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August 16, 2012 - Image 44

Resource type:
Text
Publication:
The Detroit Jewish News, 2012-08-16

Disclaimer: Computer generated plain text may have errors. Read more about this.

No place like home

Travis Wright
finds his niche
in Detroit and
WDET-FM

By Francine Wunder

Travis Robinson Wright is
the first to admit it: The tall,
blond, blue-eyed, slightly husky
Dutch Canadian does not look
Jewish. "When you look at me
you don't think of a Jew who
can talk your ear off about
Torah, Israeli politics or klezmer
music," Wright says. "I'm kind
of like Detroit. It's easy to drive
down Woodward and think
you know what you are seeing
when really you don't have a
clue."

co . )

Telling the Detroit story — and
more specifically, his Detroit
story — is exactly what Wright
likes to do. Whether he's
pontificating at MothSlam
storytelling competitions,
reviewing a concert for the
Metro Times, or interviewing
a Detroit wunderkind
entrepreneur on his weekday
afternoon program on WDET-
FM, Wright enjoys piquing
others' curiosity through
narratives with human interest.

"I'm hoping someone connects
with my stories ... and is
touched in some way or even
surprised," he says. "The
MothSlam is like group therapy
on a stage. Whether it's funny,
thrilling or sad, the story has to
have a point and it has to have
affected the storyteller in some
meaningful way."

Wright also is a musician,
photographer and cook.
After years as a frustrated
poet and fledging creative
writer, he turned to Detroit's
local alternative weeklies for
structure and guidance. From
2006 to 2009, he worked at
the entertainment publication
Real Detroit, at one time writing
under three names. He left
Real as editor to join the staff
of Detroit's acclaimed news,
music, art and culture weekly
Metro Times as arts and culture
editor.

Travis Wright: "There is no way I'd be where I am today if I'd moved."

In July 2011 Wright joined
WDET, Wayne State University's
public radio station. His
weekday gig, National Public
Radio's All Things Considered,
attracts the largest listening
audience of any WDET
program. It weaves national
feature stories with local,
in-studio and prerecorded
interviews to give listeners
the perfect mix of news and
information.

"I'm trying to create a seamless
show," Wright says, "but my
mission is really just to be in
people's cars with them. I'm
a talker, a communicator, a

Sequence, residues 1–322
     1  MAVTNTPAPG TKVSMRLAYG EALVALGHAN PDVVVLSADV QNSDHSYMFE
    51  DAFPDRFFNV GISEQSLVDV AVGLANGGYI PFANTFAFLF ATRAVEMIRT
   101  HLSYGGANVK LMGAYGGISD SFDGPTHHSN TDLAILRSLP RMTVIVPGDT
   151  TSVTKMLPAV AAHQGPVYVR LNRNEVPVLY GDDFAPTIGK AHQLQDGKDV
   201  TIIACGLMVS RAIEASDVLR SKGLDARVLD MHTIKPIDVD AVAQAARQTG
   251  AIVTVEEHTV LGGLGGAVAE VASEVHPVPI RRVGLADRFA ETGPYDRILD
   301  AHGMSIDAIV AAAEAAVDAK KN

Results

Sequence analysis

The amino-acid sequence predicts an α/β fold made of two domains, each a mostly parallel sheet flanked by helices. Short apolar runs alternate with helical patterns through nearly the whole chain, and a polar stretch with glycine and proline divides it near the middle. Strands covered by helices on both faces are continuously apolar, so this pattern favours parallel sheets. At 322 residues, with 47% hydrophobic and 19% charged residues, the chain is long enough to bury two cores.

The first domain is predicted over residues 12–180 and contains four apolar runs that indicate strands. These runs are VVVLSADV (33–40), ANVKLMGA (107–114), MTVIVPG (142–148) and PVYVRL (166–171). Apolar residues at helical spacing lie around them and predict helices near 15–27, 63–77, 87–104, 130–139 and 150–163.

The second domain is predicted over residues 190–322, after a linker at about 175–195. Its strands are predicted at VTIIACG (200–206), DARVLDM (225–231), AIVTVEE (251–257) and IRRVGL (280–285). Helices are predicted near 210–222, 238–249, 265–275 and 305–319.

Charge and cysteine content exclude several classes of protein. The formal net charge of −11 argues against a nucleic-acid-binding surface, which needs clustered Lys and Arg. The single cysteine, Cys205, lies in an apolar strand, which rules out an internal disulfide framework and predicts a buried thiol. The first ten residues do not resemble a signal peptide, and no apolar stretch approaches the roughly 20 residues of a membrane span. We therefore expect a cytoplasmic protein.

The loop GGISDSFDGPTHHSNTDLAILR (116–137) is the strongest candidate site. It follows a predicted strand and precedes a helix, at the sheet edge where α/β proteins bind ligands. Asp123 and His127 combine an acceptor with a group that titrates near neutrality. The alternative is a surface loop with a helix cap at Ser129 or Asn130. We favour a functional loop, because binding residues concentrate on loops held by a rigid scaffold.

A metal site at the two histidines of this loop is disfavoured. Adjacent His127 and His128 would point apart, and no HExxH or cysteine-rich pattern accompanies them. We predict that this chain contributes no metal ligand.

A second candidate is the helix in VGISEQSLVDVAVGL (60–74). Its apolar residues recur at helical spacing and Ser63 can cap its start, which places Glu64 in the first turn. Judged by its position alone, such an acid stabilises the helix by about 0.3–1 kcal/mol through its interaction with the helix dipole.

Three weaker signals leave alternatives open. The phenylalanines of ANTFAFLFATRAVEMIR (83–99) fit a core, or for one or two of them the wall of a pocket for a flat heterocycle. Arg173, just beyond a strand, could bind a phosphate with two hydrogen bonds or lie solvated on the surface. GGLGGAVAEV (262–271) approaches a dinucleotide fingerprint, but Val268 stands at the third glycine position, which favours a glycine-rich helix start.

storyteller, a people person ...
I want to bring people into the
story in a way that doesn't feel
'too radio.'"

Born in northern Ontario,
Wright was raised in Southfield,
Mich., and studied English at
Wayne State University. He
says he chose Wayne State for
his undergraduate education,
and ultimately Detroit as his
home, because he craved
the kind of social life not
found in a traditional campus
environment.

"My mind was blown at Wayne
State," admits Wright, who
recalls being overly confident
about his writing ability
when he arrived. "I realized I
didn't know anything. Great

professors like Barrett Watten,
Chris Tysh, Christopher Leland
and others deconstructed my
writing and broke me down.
And I wanted more. I thought,
'Feed my brain with more
exciting poets and novelists.
Take your red ink and destroy
what I've written.'"

In 2005, with the late Cantor
Stephen Dubov, Wright was
commissioned by the Jewish
Federation of Metro Detroit to
write an educational musical
(which he refers to as a
Jewsical) called Chai: Live the
Dash, which chronicles the life
cycle of being a Jew.

Wright's great-grandfather,
Bernard Milinsky, was
instrumental in forming the
state of Israel, and Wright
proudly proclaims himself as
"ideologically socialist with a
deep love for Israel," but he
won't go as far as to call himself
a hardcore Zionist.

Wright says being Jewish is
important in his personal
life, career and, certainly,
his politics. These passions
converge in his advocacy for
Detroit and his outspoken
efforts to build density in
the city by attracting young
professionals, Jewish and
otherwise. Last year, Wright
partnered with friend Philip
Laurie to create a regional

talent retention program
called Do it In Detroit, which
won a Crain's Detroit Business
Big Idea Competition award
and received funding for
implementation.

"Professionally speaking, there
is no way I'd be where I am
today if I'd moved, like so many
of my peers, to New York or
Chicago," he says. "I'm the
local host of a top-rated NPR
program and at the same time
I'm arts and culture editor of
the region's top alternative
weekly. And I just turned
30. Where else could I have
accomplished this much this
fast?"

The key to success in Detroit,
he says, is doing things "with
strident independence" and
being "confident but not
arrogant" as you do it.

"Cantor Dubov would always
say that on your tombstone
there's going to be two dates
with a dash separating them,"
Wright explains. "That dash,
that's what matters. That's life."



Francine Wunder is director of
corporate and public affairs for
TechTown, the Wayne State
University research park and
business incubator.

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